Three ways the Leafs can get the most out of John Klingberg
Photo credit:© John E. Sokolowski-USA TODAY Sports
1 month ago
To say that the start of John Klingberg’s tenure in Toronto has been adventurous would be putting it lightly.
On one hand, he has four assists through the first five games (with his most recent one being on John Tavares’ OT winner from Saturday night) and has provided a different element to the power play that has not been used over the past few years. There were certainly some adjustments in getting accustomed to his new teammates’ tendencies, but he has certainly been as advertised on the offensive end.
The same can be said about his play in his own end because it has not been a pretty sight. Already one of the worst defencemen from an advanced metrics standpoint, Klingberg’s defensive numbers were at one point worse than during his brief time with the 2022-23 Ducks and has put his team in a tough spot numerous times due to his decision-making. His contract may only be on the books for this season, but his cap hit being $4.15 million has left fans feeling frustrated and on heels whenever he steps foot on the ice.
Right now, his shifts feel like the equivalent of opening a box of chocolate: there is no telling what we are going to get out of the 31-year-old. So instead of counting down the days until he is off to somewhere else in the league, the Leafs should be doing everything they can to get the most out of Klingberg and putting him in a position to succeed rather than make him something he isn’t.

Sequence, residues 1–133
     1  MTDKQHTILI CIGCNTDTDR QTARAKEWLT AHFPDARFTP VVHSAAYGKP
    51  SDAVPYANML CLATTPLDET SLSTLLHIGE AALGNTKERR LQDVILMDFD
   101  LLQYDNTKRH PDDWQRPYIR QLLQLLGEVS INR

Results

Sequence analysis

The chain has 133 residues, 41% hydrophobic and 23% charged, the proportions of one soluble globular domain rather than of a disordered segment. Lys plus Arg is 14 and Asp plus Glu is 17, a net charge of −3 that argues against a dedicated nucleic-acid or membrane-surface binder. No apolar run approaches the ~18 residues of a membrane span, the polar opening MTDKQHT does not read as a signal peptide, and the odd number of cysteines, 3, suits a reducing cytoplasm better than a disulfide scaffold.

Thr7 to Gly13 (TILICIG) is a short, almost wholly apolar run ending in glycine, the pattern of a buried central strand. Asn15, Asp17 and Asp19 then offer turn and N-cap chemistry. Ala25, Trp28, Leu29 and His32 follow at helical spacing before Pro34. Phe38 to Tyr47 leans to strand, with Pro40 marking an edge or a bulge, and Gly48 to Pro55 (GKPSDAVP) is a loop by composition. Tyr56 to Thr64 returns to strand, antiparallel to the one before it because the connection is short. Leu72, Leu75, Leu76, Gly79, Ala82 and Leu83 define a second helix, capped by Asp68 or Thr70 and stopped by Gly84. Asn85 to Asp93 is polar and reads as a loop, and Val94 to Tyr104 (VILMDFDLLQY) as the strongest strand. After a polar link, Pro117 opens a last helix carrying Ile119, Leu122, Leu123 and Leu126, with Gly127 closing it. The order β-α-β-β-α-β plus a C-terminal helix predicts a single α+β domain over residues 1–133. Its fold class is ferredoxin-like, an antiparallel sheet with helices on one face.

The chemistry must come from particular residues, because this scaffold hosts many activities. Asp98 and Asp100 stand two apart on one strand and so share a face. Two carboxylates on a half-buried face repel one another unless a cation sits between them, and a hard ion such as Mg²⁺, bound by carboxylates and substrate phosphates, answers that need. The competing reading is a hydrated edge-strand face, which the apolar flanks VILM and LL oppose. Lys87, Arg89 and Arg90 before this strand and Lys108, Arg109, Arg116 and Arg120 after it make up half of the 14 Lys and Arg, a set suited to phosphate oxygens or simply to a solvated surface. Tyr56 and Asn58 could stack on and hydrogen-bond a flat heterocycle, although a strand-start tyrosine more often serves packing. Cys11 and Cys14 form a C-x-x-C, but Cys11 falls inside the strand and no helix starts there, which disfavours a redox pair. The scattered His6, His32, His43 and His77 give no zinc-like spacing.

I have come up with three methods that Sheldon Keefe and the coaching staff should consider going forward so that the controversial defender can be less of a hindrance and more of a critical weapon on their back end.
#1: Limit him to third-pairing minutes
Klingberg is who he is at this point in his career: a great puck-moving defender who can help elevate a power play while also being a liability in his end regardless of the on-ice situation. There is certainly nothing wrong with a team having an offensive defenceman on their roster, but that comes at a cost in their own end, especially if that player has been on a downward trend in that department over the past few seasons.
At the time of writing, Klingberg sits fourth among skaters in ATOI with 20:52 because he was skating over 21 minutes in the first three games while paired alongside Jake McCabe. The working theory was that since McCabe is the more defensively responsible blueliner it would allow the Swedish defender to have more room to make a play offensively. In reality, the duo was a trainwreck in their own end as is reflected in their underlying metrics as a pair compared to the rest of the league at 5v5:
|Stat||Result||League Rank (Min. 40 minutes)|
There were a total of 70 defensive pairings that played a minimum of 40 minutes at the time of writing. Even though Klingberg and McCabe only played three games together, the fact that the duo ranked no higher than 54th in all of these categories shows just how much of a hindrance the two were to the Leafs defensively.
To Keefe’s credit, he has recognized that this was a problem and moved Klingberg down to the third pairing alongside Mark Giordano beginning in Thursday’s game against the Panthers. Since his demotion to the third pairing, his ice time has dropped down to between 17 and 18 minutes but, crucially, his advanced metrics alongside his new partner have fared significantly better across the board.
Giordano is certainly not the player he once was at his peak, but he still brings a lot to the table from a defensive standpoint at age 40 and that should help get Klingberg to feel better about his game. It certainly isn’t ideal to have a player making over $4 million on the third pair, but this is the best place for him to be if they want him to be effective at 5v5.
#2: Put him in as many offensive situations as possible